In the past few years I have heard two very different sermons based in Acts 3, where Peter and John go up to the Temple to pray and meet a beggar who is asking for alms. One sermon's emphasis was on God's power, the Spirit or Jesus' name, which can do something special, a miracle. In this sermon Peter and John are equipped with the Spirit and they could help the beggar to rise against the crippling conditions. This type of preaching is so popular in the church that we hear something like this: Jesus is the solution; there is no other name than Jesus. But this kind of preaching is very superficial and misses out important transformation points; for example, in this sermon we don't know how Peter and John could be involved in the process of transforming the beggar or how they themselves were transformed for doing this marvelous work for the beggar.
But today I heard a very different sermon which is full of transformative points in that the preacher talked about Peter's former dysfunctional life and his experience of transformation. He was ready to serve others because he had been there, seeing the same dysfunction in other's life; therefore he challenged the beggar to see beyond his meager conditions. Peter did not give him what the beggar expected to receive. Instead he challenged him to expect more, the real good thing that he can live as a normal person as God wants him to be, who can walk and shake his hands without depending on former habits of "I am no-body."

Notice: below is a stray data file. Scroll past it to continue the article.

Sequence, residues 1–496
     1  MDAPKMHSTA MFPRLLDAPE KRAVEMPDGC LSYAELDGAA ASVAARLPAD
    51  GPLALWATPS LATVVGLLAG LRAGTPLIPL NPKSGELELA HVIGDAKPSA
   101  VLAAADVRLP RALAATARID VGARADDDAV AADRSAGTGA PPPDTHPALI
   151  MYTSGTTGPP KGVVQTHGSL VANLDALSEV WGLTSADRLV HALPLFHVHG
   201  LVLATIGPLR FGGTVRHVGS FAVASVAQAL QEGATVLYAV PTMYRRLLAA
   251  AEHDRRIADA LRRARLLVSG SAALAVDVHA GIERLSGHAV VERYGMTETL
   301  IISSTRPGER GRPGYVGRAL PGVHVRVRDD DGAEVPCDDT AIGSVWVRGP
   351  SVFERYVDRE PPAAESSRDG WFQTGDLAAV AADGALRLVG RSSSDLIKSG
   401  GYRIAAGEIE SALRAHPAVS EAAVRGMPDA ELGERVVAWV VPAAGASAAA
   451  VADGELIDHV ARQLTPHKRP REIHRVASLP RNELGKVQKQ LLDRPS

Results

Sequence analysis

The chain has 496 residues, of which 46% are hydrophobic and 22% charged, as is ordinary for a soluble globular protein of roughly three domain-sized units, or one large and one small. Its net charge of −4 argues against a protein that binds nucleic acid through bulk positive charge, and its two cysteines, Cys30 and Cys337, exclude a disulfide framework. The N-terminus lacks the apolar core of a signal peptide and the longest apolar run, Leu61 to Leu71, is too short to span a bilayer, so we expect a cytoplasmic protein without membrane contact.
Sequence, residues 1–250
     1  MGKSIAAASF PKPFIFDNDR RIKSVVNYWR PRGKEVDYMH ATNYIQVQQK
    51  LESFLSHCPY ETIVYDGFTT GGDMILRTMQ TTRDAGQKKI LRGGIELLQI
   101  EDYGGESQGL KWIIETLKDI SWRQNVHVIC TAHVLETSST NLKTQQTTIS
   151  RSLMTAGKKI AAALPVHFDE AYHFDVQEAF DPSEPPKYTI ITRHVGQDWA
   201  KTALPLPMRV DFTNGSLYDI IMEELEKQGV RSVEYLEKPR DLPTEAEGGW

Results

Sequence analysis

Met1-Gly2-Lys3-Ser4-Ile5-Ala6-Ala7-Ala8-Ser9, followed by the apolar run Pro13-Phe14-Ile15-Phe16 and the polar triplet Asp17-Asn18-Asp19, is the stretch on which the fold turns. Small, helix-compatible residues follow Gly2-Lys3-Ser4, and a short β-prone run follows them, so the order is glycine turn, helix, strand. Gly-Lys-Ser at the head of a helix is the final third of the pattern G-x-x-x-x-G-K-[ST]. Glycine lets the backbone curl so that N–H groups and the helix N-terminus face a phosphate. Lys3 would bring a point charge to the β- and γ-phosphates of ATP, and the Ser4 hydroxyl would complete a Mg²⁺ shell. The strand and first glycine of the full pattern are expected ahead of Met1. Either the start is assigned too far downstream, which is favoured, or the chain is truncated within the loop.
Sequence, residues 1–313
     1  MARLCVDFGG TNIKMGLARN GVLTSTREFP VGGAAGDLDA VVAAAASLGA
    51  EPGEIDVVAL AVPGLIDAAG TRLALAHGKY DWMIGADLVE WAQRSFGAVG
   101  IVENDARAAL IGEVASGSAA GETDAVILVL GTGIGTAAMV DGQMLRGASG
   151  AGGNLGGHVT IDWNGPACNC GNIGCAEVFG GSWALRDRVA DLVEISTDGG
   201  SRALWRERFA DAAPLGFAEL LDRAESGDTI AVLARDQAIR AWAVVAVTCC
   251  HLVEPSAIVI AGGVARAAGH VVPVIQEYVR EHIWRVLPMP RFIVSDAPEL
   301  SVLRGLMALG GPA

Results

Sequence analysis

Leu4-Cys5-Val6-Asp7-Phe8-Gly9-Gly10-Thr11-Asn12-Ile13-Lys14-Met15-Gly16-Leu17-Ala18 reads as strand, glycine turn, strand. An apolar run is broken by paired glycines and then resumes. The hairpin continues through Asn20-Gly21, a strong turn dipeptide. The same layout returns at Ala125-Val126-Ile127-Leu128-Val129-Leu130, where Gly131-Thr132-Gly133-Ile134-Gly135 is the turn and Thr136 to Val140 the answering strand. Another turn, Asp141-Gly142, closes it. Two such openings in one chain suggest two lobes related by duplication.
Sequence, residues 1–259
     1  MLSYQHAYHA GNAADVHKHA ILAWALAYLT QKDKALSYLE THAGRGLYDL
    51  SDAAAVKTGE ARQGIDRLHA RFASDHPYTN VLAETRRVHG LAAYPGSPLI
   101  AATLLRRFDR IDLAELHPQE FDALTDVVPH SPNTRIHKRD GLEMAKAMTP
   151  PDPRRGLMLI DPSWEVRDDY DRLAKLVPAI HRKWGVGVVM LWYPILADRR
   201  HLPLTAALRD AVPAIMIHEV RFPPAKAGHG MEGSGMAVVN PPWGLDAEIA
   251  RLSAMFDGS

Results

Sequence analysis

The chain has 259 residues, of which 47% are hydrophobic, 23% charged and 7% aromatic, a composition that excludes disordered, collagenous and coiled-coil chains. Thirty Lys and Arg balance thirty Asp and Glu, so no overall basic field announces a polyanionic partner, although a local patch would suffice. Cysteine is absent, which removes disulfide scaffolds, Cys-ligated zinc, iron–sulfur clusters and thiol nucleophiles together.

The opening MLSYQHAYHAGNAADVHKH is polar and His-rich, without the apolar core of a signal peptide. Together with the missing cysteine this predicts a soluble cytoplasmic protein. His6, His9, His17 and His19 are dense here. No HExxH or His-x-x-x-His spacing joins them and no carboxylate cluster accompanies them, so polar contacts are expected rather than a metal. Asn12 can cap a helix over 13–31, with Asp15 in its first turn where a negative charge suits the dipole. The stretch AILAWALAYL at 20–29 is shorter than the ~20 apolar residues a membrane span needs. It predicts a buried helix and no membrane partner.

So here is also a point of transformation with the beggar, who listened to Peter and followed what he was asked to do. He tried to stand up moving his legs and feet. His acting faith made it. He saw a miracle for himself. Otherwise, his miracle is neither because of Peter's saying or power nor Jesus' name. An analogy will be helpful here; even though the sun is always available in the world, a person cannot have benefits of it unless he or she comes out to be exposed to it. That is a person's faith that participates in God's transformative power. Transformation is revealed through faith for faith. Or, transformation involves three parties: God, the one who is transformed, and the one who is willing to accept a challenge for transformation.
If you have transformative insights in biblical studies, consider to submit your works to the Journal of Bible and Human Transformation.
FOR more about transformation and the Bible,
Contribution to Seminarium Blog by Fortress Press
“The Bible and Human Transformation--Part I: The Nature of the Bible;;;; Part II: Jesus' Parables and Human Transformation;;;; Part III: Miracles and Human Transformation,” Seminarium Blog (The Elements of Great Teaching) (by Fortress Press), 2014
Or, see my book, A TRANSFORMATIVE READING OF THE BIBLE.